The US Food and Drug Administration is launching a further investigation into the safety of amalgam fillings after groups across the country expressed their concerns about the safety of mercury in oral healthcare treatments.
While modern patients are often choosing to have teeth filled with a more natural-looking ceramic product, mercury fillings have been common over the years and are still the standard option in a lot of dental surgeries. However, there are various concerns about the safety of these amalgam fillings, both when they are in the body and how they are disposed of after being taken out.
The FDA is to hold a public meeting in Maryland to discuss the issue. Attending will be representatives of the dental profession, university professors, who have studied the effects of mercury on the both human body and the environment, lawyers and a patient who said she had her amalgam fillings taken out after they caused her to suffer from serious health problems.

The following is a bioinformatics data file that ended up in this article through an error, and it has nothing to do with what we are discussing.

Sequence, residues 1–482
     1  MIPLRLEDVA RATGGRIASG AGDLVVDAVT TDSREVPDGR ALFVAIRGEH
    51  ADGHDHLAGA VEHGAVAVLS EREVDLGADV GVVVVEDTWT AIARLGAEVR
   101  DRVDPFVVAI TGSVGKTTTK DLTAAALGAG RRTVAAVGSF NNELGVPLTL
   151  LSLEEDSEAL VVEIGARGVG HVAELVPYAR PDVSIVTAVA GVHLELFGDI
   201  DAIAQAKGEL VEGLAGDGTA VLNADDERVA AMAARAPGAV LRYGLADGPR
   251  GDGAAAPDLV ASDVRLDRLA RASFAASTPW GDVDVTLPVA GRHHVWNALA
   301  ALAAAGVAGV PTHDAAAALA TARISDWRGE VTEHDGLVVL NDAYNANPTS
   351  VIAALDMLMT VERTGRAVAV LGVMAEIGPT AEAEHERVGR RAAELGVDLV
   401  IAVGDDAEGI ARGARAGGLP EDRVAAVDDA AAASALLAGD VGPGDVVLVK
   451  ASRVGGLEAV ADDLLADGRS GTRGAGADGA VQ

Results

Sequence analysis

Holly Hruska had her amalgam fillings removed in 2004 following claims that they had been responsible for a string of problems with her health including chronic nausea, tremors and anxiety, constant mouth ulcers and even double vision.
Representing the other point of view at the public meeting will be Dr Robert Baratz of Massachusetts, he is among the many dental professionals and health experts who state that no evidence exists to suggest amalgam fillings can cause any kinds of health problems. Supporters of this conventional treatment say there is little clinical evidence to support the claims that mercury in fillings can cause patients’ health to suffer.